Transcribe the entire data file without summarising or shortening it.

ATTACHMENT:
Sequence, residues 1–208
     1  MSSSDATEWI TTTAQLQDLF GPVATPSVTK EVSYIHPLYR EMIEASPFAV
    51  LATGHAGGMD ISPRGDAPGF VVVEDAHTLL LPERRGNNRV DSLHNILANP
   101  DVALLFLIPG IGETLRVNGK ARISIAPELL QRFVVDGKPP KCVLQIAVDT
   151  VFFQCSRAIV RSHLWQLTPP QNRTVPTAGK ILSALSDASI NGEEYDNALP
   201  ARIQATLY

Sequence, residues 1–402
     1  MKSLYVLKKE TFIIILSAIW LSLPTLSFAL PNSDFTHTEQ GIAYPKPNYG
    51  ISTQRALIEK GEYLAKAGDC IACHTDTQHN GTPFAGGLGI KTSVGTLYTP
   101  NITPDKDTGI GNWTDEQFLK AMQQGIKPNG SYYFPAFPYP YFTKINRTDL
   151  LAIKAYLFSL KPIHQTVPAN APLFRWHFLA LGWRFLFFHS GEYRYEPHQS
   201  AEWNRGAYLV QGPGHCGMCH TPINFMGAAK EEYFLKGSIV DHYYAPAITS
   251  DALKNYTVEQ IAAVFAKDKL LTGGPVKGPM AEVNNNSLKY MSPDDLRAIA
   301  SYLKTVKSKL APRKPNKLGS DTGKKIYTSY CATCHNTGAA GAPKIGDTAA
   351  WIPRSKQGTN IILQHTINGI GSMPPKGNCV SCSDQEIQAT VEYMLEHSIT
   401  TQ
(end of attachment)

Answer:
Sequence, residues 1–208
     1  MSSSDATEWI TTTAQLQDLF GPVATPSVTK EVSYIHPLYR EMIEASPFAV
    51  LATGHAGGMD ISPRGDAPGF VVVEDAHTLL LPERRGNNRV DSLHNILANP
   101  DVALLFLIPG IGETLRVNGK ARISIAPELL QRFVVDGKPP KCVLQIAVDT
   151  VFFQCSRAIV RSHLWQLTPP QNRTVPTAGK ILSALSDASI NGEEYDNALP
   201  ARIQATLY

Sequence, residues 1–402
     1  MKSLYVLKKE TFIIILSAIW LSLPTLSFAL PNSDFTHTEQ GIAYPKPNYG
    51  ISTQRALIEK GEYLAKAGDC IACHTDTQHN GTPFAGGLGI KTSVGTLYTP
   101  NITPDKDTGI GNWTDEQFLK AMQQGIKPNG SYYFPAFPYP YFTKINRTDL
   151  LAIKAYLFSL KPIHQTVPAN APLFRWHFLA LGWRFLFFHS GEYRYEPHQS
   201  AEWNRGAYLV QGPGHCGMCH TPINFMGAAK EEYFLKGSIV DHYYAPAITS
   251  DALKNYTVEQ IAAVFAKDKL LTGGPVKGPM AEVNNNSLKY MSPDDLRAIA
   301  SYLKTVKSKL APRKPNKLGS DTGKKIYTSY CATCHNTGAA GAPKIGDTAA
   351  WIPRSKQGTN IILQHTINGI GSMPPKGNCV SCSDQEIQAT VEYMLEHSIT
   401  TQ